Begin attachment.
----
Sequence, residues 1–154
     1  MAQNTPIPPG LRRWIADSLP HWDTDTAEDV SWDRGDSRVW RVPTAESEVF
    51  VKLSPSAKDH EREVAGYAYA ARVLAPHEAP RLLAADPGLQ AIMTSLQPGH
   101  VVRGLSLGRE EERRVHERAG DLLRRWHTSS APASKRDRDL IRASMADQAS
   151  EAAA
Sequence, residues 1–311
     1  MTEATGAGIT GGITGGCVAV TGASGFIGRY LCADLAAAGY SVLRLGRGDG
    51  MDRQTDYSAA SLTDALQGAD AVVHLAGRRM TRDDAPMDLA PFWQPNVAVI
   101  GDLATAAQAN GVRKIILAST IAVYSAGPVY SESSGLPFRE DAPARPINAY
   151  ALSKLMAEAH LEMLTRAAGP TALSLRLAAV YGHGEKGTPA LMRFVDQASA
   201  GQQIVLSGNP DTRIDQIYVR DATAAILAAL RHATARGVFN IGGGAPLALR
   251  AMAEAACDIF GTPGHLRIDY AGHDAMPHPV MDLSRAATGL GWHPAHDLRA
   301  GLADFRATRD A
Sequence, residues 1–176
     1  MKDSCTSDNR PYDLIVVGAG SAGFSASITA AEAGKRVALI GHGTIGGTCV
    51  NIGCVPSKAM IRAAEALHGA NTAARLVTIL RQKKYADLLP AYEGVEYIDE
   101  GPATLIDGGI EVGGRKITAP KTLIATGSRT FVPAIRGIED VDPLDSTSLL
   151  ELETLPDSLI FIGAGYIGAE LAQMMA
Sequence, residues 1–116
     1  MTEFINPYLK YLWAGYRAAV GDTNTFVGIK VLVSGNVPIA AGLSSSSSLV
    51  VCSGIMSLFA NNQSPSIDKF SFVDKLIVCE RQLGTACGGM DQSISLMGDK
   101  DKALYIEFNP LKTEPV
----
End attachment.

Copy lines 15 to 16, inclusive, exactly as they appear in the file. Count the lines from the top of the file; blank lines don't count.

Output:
     1  MKDSCTSDNR PYDLIVVGAG SAGFSASITA AEAGKRVALI GHGTIGGTCV
    51  NIGCVPSKAM IRAAEALHGA NTAARLVTIL RQKKYADLLP AYEGVEYIDE